Malformations of the second to the fifth toe are very frequent. We distinguish the proximal interphalangeal (first joint of each toe)and the distal interphalangeal joint ( second joint of each toe) which are at the height of each toe. Both can occur in bending as well as stretching mode.
The malformations are initially smooth and correctable, but as time goes on, they become stiff and not correctable by manipulation.
The burden that the patient mainly experiences by such hammer toes, is the presence of callus-like pavements and/or “corns” on the places where the malformations are in contact with shoes which are too tight, or where overpressure prevails. In this way, toes can also mutually cause friction and wounds. The common place where those symptoms occure are the toe tips or the dorsal aspect of the interphalangeal joints. Some patients cannot wear regular shoes anymore, they need to have shoes with a wide toebox to prevent any pressure between shoe surface and exposed skin parties of the toes.
As main cause, a certain morphological and static dysharmony at the level of the forefoot should me mentioned, often in combination with hallux valgus and/or metatarsalgia. In addition, less common causes should always be considered, as the treatment will probably be different. We have in mind particularly hammer toes in case of a high arched foot, congenital hammer toes, in case of certain neurological disorders, posttraumatic hammer toes or after severe disturbance of the bloodflow, e.g. in case of compartment syndroma.
Often we find the toe deformities as mentioned above in combination with short achilles tendon or short calf muscle what leads to an overload of the forefoot and to a dysbalance between extending and flexing muscles. We call this overpull of the extensor- muscles of the toes « extensor recruitment phenomenon » which means that the short calf muscles cause as a reaction of lacking dorsalextension in the ankle joint an overpull of the extensor muscles on the frontside. This a frequent cause for dysbalance even in the absence of any neurolgical disorder or trauma.
In the absence of infection, wounds etc., an insole or the wearing of specific orthotics in silicone (manufactured by the podiatrist) may initially be tried. In all cases we also recommend active training with stretching exercises for the muscles in the foot and also in the lower leg to treat the whole chain of muscles.
This may be helpful especially if the hammer toes are still flexible.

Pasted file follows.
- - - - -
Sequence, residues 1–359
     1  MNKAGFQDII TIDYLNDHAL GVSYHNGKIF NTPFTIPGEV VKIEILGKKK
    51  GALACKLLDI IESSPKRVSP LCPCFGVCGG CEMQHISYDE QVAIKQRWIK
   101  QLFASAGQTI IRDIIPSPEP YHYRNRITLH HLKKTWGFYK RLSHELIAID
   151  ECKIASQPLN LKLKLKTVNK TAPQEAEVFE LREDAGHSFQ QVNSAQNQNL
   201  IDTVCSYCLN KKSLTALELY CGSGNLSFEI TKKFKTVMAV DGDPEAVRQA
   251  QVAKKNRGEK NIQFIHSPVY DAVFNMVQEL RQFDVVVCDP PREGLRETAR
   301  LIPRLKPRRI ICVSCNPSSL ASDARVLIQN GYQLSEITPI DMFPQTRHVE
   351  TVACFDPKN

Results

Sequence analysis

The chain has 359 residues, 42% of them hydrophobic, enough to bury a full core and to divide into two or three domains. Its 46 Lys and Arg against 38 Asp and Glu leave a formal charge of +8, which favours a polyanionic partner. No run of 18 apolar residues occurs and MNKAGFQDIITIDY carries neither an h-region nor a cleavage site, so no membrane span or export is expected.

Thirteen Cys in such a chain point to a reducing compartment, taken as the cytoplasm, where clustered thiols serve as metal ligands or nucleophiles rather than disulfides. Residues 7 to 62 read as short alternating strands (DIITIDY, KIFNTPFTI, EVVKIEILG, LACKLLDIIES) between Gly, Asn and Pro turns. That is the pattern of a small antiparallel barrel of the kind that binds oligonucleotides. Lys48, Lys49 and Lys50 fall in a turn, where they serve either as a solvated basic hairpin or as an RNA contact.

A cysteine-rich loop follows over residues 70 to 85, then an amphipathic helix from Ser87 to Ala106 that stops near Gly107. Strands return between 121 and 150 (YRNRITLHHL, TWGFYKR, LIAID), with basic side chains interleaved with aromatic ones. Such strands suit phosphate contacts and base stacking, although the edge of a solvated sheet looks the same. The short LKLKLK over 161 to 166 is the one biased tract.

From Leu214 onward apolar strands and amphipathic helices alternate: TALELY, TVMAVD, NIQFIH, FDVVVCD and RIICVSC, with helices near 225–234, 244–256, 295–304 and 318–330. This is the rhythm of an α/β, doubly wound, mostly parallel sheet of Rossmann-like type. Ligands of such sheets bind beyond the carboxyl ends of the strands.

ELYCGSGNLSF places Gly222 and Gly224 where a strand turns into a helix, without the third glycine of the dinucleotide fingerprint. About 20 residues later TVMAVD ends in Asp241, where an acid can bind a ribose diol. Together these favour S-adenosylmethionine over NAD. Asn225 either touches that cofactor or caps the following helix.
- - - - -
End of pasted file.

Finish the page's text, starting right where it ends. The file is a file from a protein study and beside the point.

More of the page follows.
Of course the use of adequate shoewear with a wide toebox is reasonable. In patients with a high potential risk for surgical intervention the production of a custom made orthopedic shoe is a choice to keep the patient mobile and to prevent ulcerations or infections.
If, despite all this, the pain and the malformation persist, there are no signs of infection (clinical and radiological) and the blood perfusion allows an operation, a surgical intervent can be scheduled. The different types of surgical corrections mainly depend on the underlying cause:
- Resection of the painful protruding lump (arthroplasty)
- Securing the painful joint, in approximately 15 degrees bending mode (arthrodesis)
- A tendon lengthening
- A tendon transfer
- An osteotomy of the phalanx or the metatarsal bone
In case of a neurological high arched foot, a more complex correction, often in combination with osteotomies and partial joint arthrodesis, need to be done. If not, the deviation will relapse or even worse, the deformity will continue to affect the whole foot.
Usually, we don’t place a pin, which would be removed during the consultation after 4 weeks. We only do this in specific cases. This removal during the consultation is not painful and somewhat similar to a blood sample. Depending on the kind of surgery that was done, the postoperative course consists of almost immediate partial to full weigth bearing in a special postoperative shoe for 4- 6 weeks.
This surgery can take place in day hospital or in cases of more complex surgery also in combination with a short in hospital stay. Sometimes, a toe remains swollen for 6 to 12 months, and this should not alarm you. It is important, however, to mention it in a follow-up consultation. In almost all cases we see swelling of the toes or the forefoot for at least 3-4 months.